Is 6:1-2a, 3-8
Ps 138:1-2, 2-3, 4-5, 7-8
1 Cor 15:1-11 or
1 Cor 15:3-8, 11
This week I chose to drive an hour and a half to a city I had visited several times earlier. However, I neglected to make adequate plans and found myself reversing course. I finally landed in a small parish in the shadow of Manhattan. The building is small and square, with a 1966 cornerstone, and again forced round on the inside. The roof is pyramid-style with a spire and some skylights. Pan-like chandeliers hang from it along with a number of white ceiling fans. The stained-glass windows are high and narrow and depict various saints in slightly abstract style. The rest of the walls are of dark brick. The sanctuary is at one corner, with the metal tabernacle at the left, the ambry just to the left of the celebrant's chair, and the organ at the far right. The marble ambo is at the left, the altar is at the center and slightly to the rear, and the cantor's lectern is at the right. A large figure of the Risen Christ is on the wall behind the celebrant's chair. The wooden pews are in four sections. The racks are empty; instead, the Music Issue/Today's Missal combination is stacked on the window sills (once again, I neglected to obtain one beforehand; I hate this practice precisely because I almost always forget to get one-- and the racks are there anyway, so what is the harm of having the hymnals in the racks?).
The 1:00 PM Mass began with the opening hymn, "All The Ends of the Earth," which the organist started to play even as the cantor was announcing it. Four lay ministers of Holy Communion, a reader, and the priest participated in the entrance procession. The priest used Form C of the Penitential Rite. We recited the Gloria.
The reader gave the first reading from the ambo without incident. The cantor led the responsorial psalm from the cantor's lectern. Then the reader gave the long form of the second reading. We sang the Alleluia and the priest proclaimed the Gospel from the ambo. His homily was somewhat brief but still challenging, beginning with the question, "What if Peter refused to cast his net? Look what he would have missed." Mention was made of Isaiah and Paul's unworthiness but willingness to do God's work, and the closing question was, "When God calls us, will we have the faith to follow Him?"
The priest invited those celebrating a wedding anniversary this month to stand for the monthly blessing of such people, but no one stood, so this had to be skipped. We recited the Creed, and then the reader led the intentions of the Prayer of the Faithful from the cantor's lectern. Two collections were taken using handleless wicker baskets passed across the pews; the second was announced as being for "parish assessments." The offertory hymn was "Lord, You Have Come to the Water." The chalice and ciboriums were of metal. The cruet holding the remaining wine was a bit larger than the usual cruet but not large enough to qualify as a flagon, but in any case the priest used that for the wine to be consecrated for the congregation. Maybe I missed it but I don't think I saw him add any water to either the chalice or the cruet; perhaps one of the lay ministers, who sat alongside him and functioned as servers, did this while I wasn't paying attention. (The collection is always a distraction, especially when you have to watch for the basket from both directions.) At the Orate Fratres, no one in the congregation stood until the congregation's response was complete.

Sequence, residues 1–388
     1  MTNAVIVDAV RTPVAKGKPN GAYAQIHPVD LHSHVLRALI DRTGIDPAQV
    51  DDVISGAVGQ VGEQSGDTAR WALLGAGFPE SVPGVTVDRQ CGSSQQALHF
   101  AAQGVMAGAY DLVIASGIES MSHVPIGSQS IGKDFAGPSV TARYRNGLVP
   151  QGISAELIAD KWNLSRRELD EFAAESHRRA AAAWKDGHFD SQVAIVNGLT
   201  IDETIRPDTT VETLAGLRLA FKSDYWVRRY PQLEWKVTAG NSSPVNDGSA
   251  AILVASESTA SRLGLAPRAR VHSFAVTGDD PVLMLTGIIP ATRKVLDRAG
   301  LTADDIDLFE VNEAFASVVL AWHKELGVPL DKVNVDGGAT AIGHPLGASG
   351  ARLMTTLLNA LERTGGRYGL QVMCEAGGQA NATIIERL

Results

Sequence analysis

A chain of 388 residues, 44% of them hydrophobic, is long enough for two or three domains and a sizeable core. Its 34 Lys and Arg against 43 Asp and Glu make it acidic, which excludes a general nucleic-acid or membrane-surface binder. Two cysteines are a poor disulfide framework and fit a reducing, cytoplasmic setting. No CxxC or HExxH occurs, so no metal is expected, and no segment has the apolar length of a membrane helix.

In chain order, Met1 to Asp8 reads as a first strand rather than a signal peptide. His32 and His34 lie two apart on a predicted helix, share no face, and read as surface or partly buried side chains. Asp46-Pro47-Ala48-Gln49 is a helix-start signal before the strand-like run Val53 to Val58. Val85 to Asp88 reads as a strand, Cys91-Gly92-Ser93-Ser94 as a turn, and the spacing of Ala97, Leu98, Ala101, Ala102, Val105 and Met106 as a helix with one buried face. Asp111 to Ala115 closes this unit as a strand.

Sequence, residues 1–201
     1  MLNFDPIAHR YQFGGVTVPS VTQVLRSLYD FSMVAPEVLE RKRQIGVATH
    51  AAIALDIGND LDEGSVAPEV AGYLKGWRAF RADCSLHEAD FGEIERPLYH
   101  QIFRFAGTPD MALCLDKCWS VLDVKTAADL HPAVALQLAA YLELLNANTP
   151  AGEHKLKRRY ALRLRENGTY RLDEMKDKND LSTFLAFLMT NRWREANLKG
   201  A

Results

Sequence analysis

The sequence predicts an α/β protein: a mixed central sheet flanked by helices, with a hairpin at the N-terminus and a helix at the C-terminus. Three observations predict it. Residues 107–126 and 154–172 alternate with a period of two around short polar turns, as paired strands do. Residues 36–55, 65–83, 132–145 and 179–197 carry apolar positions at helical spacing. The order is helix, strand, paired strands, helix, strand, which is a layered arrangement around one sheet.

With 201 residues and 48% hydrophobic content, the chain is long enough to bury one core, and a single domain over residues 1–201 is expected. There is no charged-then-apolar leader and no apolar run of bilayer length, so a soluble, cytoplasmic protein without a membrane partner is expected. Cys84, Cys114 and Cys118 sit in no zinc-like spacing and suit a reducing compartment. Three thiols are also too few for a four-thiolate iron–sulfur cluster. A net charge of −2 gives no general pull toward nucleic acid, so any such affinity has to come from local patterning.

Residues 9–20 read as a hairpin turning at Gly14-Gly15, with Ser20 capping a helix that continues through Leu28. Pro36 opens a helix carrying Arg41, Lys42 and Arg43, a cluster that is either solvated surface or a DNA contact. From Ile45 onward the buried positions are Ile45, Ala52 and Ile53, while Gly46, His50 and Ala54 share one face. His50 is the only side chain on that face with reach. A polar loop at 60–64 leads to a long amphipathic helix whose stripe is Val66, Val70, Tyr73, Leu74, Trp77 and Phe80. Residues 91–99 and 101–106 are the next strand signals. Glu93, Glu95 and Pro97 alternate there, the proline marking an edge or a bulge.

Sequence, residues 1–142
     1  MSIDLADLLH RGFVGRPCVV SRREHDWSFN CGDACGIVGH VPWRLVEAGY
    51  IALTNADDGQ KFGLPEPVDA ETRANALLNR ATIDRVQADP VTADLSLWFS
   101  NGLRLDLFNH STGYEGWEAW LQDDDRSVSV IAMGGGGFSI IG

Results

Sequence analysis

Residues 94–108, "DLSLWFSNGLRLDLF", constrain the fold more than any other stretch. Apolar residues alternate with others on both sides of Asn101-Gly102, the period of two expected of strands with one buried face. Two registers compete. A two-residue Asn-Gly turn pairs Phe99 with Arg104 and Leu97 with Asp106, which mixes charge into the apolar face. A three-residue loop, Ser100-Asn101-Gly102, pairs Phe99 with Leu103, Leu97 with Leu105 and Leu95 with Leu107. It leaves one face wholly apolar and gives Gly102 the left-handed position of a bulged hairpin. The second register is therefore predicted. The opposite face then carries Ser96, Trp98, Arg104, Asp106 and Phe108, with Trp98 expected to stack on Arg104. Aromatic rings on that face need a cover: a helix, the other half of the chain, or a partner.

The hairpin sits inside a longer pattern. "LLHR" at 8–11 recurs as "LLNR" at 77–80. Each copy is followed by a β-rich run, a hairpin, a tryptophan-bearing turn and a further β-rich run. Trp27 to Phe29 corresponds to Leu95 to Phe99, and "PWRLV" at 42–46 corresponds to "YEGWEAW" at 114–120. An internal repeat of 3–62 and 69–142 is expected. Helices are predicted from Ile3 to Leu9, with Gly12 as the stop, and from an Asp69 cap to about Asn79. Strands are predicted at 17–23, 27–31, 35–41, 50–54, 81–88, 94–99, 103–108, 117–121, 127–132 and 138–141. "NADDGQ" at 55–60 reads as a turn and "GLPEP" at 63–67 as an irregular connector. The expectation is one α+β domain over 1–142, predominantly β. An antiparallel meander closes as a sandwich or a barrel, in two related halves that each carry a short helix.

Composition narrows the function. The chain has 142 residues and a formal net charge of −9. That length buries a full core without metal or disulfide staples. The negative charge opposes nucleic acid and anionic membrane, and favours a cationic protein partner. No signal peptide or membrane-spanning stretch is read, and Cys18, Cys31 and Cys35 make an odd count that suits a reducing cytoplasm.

The Mass setting was one relatively unfamiliar to me and one which I cannot identify. The priest offered the second Eucharistic Prayer; the two lay ministers standing right behind him throughout in the small sanctuary did not look right. We sang the second Memorial Acclamation. At the Our Father, which we recited, the lay ministers, cantor, and reader joined hands, but almost nobody in the congregation cared for that example. The Sign of Peace was short and dignified.
At Holy Communion, the priest distributed from the ciborium to the lay ministers but they were left to self-communicate from the chalice on the altar. Two stations were located at the center aisle and one on one side aisle, with an additional two stations for the chalice, one of which was shared by two lines. The Communion hymn was "Come to the Water."
After Communion, the priest offered the closing prayer and made a quick announcement about the archdiocesan annual appeal before imparting a simple blessing and leaving via the center aisle. The closing hymn was "Sing to the Mountains." We sang only two verses but about half the congregation had started to leave before the second verse was complete. The Mass took fewer than 40 minutes.